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Still dancing: At 75, Hama's jazz dance style teaches many

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To do on winter vacation in California: take dance class with Hama. On Dec. 21, I was fortunate to not only participate, but to also get a few personal career insights from the legendary jazz dance teacher at his Hama Dance Center in Studio City, just before class.

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Turning 75 last September, Hama today is still feeling a sense of gratitude to a group of his students who had just honored him with a dance performance which featured some of his classic dance pieces. A mentor to countless dancers for decades, squeezing in a class with Hama has become a regular holiday tradition for those who come back to visit the L.A. area and cannot benefit from a consistent 'dose of Hama’ in their regular dance dance training.

“My philosophy was never focused on being popular,” Hama states when asked why he feels his dance style has endured for so many years. “My intention was to always make better dancers, and be that teacher that helps to develop that next generation of dancer. Music styles always change and so the dance expression is always changing, but I just kept going my own way.” Hama believes that his clean upright style rooted in correct ballet technique that when mastered, enables students to be able to adapt to any choreographic style that is required.

Hama’s concept of jazz which absorbed some of the same influences of the era that generated Bob Fosse and Jack Cole, was developed out of his early training from New York’s classic jazz pioneer Luigi over 50 years ago. Already an accomplished tap dancer when he arrived in New York from Japan in the mid 60’s, Takeshi Hamagaki (Hama) was attracted to the ‘stretch style’ that Luigi developed after his own near fatal car accident. Combining Luigi’s concept of length with the syncopated rhythms of tap, Hama has developed a classic jazz style completely his own that has served as a solid foundation of training for dancers past and present.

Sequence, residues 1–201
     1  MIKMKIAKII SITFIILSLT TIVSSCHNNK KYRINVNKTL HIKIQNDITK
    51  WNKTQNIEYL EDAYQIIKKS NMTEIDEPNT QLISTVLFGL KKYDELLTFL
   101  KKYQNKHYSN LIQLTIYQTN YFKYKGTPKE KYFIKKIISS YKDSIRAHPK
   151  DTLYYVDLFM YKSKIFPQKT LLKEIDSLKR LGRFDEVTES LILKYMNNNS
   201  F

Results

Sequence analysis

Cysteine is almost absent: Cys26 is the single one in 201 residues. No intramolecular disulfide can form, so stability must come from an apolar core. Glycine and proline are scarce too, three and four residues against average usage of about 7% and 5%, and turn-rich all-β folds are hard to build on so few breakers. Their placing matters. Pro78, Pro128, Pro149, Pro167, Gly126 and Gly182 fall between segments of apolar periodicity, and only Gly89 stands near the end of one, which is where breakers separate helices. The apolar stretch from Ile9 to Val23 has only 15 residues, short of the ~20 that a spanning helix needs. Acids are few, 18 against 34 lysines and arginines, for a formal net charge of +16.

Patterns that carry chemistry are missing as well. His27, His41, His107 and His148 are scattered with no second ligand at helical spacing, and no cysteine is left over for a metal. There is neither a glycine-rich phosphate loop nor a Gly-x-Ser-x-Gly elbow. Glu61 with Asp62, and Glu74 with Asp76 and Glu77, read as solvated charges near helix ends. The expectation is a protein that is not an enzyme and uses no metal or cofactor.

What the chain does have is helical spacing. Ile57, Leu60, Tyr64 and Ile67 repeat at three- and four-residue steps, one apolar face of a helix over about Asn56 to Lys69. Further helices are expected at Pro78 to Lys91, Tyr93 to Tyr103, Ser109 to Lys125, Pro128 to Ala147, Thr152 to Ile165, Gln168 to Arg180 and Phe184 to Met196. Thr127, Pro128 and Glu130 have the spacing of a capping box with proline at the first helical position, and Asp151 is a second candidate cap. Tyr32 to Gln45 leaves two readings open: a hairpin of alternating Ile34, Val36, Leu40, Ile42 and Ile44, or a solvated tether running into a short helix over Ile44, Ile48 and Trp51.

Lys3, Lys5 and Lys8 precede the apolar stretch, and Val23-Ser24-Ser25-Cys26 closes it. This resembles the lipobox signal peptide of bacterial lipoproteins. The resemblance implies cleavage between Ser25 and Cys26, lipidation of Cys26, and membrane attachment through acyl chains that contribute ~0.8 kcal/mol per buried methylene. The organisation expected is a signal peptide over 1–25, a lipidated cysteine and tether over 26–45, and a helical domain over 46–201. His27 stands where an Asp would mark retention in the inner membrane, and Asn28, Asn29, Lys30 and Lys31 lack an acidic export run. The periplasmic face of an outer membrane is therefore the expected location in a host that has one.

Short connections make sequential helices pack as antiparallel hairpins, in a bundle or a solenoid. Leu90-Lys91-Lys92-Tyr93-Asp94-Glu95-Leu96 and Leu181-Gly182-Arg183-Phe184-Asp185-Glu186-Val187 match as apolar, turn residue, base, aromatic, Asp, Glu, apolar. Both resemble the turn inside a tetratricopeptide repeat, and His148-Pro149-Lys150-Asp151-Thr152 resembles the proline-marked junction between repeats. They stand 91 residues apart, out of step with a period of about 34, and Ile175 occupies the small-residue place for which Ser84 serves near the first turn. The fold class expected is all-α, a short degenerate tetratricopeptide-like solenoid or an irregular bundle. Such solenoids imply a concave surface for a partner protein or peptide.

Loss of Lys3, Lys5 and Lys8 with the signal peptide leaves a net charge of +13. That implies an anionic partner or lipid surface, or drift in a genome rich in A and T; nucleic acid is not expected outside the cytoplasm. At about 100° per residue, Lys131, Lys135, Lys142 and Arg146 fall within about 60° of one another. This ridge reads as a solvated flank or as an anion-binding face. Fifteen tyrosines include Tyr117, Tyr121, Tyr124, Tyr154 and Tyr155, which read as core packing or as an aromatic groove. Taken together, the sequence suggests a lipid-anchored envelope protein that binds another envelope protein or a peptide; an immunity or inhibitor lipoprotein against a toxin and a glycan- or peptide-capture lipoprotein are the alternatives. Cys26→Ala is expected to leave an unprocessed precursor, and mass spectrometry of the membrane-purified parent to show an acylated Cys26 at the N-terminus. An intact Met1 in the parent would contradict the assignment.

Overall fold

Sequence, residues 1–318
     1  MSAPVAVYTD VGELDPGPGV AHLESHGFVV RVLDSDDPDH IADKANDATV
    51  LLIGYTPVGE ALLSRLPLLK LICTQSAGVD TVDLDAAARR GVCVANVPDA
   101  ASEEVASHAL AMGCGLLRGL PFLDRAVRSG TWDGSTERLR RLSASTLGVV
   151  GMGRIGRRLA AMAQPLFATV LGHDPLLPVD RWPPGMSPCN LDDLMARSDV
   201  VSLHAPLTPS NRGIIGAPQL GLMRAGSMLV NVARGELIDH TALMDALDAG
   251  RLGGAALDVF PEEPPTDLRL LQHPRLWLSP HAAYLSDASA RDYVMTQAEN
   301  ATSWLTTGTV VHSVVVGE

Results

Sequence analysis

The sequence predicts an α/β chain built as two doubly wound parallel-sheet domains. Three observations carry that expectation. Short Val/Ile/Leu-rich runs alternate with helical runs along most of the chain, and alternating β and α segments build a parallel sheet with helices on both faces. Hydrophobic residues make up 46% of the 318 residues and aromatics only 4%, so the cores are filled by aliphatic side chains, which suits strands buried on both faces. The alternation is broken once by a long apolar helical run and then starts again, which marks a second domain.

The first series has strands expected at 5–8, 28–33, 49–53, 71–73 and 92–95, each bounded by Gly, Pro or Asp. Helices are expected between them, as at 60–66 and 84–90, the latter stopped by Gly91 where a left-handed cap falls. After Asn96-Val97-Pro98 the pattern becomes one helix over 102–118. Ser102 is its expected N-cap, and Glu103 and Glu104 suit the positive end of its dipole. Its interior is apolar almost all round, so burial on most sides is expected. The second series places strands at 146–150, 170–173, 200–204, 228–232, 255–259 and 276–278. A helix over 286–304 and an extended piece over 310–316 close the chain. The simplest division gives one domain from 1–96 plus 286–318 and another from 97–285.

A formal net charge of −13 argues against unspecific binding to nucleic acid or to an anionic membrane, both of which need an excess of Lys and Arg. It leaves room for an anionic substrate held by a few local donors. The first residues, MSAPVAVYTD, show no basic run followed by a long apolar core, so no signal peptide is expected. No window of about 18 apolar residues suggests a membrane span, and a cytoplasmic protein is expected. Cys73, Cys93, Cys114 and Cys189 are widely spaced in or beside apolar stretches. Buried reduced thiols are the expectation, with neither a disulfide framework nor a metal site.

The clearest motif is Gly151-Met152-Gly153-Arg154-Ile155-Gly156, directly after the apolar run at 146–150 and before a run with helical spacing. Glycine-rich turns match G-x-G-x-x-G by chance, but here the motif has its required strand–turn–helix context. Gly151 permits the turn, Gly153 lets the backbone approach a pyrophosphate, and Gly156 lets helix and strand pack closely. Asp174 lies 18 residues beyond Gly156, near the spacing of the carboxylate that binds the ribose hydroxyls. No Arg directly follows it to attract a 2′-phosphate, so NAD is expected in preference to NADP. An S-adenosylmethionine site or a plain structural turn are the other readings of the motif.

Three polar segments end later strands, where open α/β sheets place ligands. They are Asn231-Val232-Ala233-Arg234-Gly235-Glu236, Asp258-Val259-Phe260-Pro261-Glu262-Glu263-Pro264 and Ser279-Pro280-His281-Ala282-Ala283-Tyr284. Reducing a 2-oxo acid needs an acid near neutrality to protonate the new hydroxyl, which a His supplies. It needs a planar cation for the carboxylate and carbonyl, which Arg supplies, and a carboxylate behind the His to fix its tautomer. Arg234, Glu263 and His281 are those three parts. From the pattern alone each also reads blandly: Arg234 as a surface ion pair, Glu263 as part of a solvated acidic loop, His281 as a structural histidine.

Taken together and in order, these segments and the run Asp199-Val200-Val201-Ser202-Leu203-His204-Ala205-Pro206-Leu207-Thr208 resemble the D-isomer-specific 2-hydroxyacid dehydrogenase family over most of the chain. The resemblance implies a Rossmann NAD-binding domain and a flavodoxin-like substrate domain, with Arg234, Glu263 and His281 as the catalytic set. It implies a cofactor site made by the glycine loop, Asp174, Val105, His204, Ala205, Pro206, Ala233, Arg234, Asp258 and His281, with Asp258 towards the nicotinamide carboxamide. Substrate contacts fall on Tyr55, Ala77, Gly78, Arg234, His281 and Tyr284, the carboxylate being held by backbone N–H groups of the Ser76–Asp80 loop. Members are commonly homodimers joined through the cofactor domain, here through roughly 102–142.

Hama's credits include lead dancer at Radio City Music Hall, as well as various Broadway productions including The Education of Hyman Kaplan in 1968 with Tom Bosley. After assisting Luigi in New York for many years, Hama ventured west and with Luig's help opened his first dance studio in the historic Falcon Studios on Hollywood Blvd. Many years of teaching and choreographing followed, including staged dance tours of Japan. Still dedicated to teaching, Hama has been in his current location since 1991, and at 75 Hama still personally instructs 4 classes per week.

Private and unassuming, Hama credits playing golf and creating Japanese calligraphy as part of what keeps him 'healthy mentally'. He enjoys his life, and his 90+ minute classes are still some of the most physically challenging experiences around.

"Look in the mirror... see what you are doing... COUNT!" He still demands of his students, and generations of dancers are all the better for it. Merry Christmas.

Resources

Sharing the Passion - Jazz Dance L.A. 1997, Dancer Jazz Dance Column, July 1997, by Bob Boross.
Luigi- the man, luigjazz.com

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